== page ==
"All the money [or marketing] in the world can't buy you love and trust.
You have to earn trust and love by how you behave over time."
A New Brand World, Scott Bedbury
I recently spent a couple of days at Walt Disney World in Orlando and was struck by the consistent manner in which the Disney organization portrayed its various images, marks, and characters over such wide-ranging events, venues, and displays.
When I returned from Florida, I devoured a biography of Walt Disney and discovered a couple of nuggets that helped explain Disney's fanatical focus on protecting its brand image.
Back in the early 1930s--long before the term "brand" or "branding" was even in the business lexicon--author Bob Thomas in Walt Disney, An American Original says, "Walt was the devoted guardian of Mickey's integrity. Many times in story conferences he said, 'Mickey wouldn't do that.' He had an unerring sense of when the gag men were going too far, when they were reaching for comedy business which would perhaps draw bellylaughs but would be at variance with the naturalness of Mickey's character. That is why Mickey Mouse captured the world's affection as had no other cartoon character: he remained himself, an enormously likeable figure."
Note that Thomas describes Walt as "the devoted guardian of Mickey's integrity." Who is the devoted guardian of your company's integrity--your organization's reputation?
The Disney brand mantra is "Fun Family Entertainment," therefore every decision they make on behalf of their brand--whom they will partner with, what products make sense for licensing, which movie scripts to produce--all stem from this position. And, like Disney, brand-builders must be ruthlessly consistent. To stand out from your competition, you must carve out a place in the marketplace, and that will be impossible if you're communicating with inconsistent messages. Your business will just get lost in the clutter. Once you've found your sweet spot in the marketplace, you must prove to your customers and prospects that you will deliver on your promise.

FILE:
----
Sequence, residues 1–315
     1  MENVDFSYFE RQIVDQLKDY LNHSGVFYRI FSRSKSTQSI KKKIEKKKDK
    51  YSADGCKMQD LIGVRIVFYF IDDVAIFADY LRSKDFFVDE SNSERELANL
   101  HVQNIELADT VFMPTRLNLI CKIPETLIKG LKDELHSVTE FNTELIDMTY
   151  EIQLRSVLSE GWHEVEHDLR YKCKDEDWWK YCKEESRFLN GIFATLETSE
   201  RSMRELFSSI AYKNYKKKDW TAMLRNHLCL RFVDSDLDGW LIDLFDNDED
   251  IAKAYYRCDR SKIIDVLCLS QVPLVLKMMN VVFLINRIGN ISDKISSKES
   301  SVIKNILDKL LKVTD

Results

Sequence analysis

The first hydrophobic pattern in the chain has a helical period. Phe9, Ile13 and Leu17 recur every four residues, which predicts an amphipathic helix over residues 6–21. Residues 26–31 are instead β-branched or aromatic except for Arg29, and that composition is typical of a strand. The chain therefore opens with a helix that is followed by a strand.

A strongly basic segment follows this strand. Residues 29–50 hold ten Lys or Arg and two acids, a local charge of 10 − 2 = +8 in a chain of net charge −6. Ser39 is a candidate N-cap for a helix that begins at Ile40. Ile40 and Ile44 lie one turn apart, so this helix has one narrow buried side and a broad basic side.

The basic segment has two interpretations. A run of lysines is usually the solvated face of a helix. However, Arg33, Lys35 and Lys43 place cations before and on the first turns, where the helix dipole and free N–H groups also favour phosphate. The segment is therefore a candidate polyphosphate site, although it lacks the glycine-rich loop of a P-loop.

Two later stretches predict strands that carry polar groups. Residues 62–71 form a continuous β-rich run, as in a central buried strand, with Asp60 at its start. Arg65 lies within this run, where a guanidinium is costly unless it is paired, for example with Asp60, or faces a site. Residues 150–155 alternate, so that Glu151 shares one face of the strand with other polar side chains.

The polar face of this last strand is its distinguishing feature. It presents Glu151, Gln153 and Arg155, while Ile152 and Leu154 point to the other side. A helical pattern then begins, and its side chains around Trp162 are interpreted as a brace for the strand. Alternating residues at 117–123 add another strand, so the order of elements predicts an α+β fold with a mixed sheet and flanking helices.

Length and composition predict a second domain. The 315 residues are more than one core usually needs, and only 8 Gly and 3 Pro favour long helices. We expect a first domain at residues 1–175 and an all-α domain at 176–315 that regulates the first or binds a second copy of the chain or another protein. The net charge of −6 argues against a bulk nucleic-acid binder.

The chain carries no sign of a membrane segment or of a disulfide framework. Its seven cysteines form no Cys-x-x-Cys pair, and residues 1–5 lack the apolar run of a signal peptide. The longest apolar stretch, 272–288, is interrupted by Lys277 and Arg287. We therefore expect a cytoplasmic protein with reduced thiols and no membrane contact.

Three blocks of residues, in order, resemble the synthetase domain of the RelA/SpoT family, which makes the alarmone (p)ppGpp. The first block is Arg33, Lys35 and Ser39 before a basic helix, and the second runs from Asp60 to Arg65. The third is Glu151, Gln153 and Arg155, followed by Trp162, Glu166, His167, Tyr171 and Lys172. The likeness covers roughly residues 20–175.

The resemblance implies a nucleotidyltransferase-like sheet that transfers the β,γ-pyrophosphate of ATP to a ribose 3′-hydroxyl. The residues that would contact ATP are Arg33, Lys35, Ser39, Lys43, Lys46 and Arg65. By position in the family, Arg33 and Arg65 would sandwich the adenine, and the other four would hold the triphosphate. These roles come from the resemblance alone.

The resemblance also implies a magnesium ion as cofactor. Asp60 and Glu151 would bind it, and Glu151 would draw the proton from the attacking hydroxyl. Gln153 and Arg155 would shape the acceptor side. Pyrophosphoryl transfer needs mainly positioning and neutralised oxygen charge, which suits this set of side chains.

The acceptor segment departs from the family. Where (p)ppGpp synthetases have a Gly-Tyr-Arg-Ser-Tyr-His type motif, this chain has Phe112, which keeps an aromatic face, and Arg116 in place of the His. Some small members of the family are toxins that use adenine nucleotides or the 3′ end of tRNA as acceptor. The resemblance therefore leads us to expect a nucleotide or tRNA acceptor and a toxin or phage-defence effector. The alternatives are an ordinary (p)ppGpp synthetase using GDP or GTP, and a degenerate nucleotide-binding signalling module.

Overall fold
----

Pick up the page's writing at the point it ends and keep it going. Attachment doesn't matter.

Was Walt Disney a visionary? I think so. Again, before businesses even knew the power of branding, Walt had this to say to a young employee who didn't understand why the names of various producers for Disney shouldn't be elevated above Disney's in the annual report:
"Look--Disney is a thing, an image in the public mind. Disney is something they think of as a kind of entertainment, a kind of family thing, and it's all wrapped up in the name Disney. You see, I'm not Disney anymore. I used to be Disney, but now Disney is something we've built up in the public mind over the years. It stands for something, and you don't have to explain what it is to the pubic. They know what Disney is when they hear about our films or go to Disneyland. They know they're going to get a certain quality, a certain kind of entertainment. And that's what Disney is."
If that's not the perfect definition of what branding is --and the power of a solid brand strategy--I don't know what is.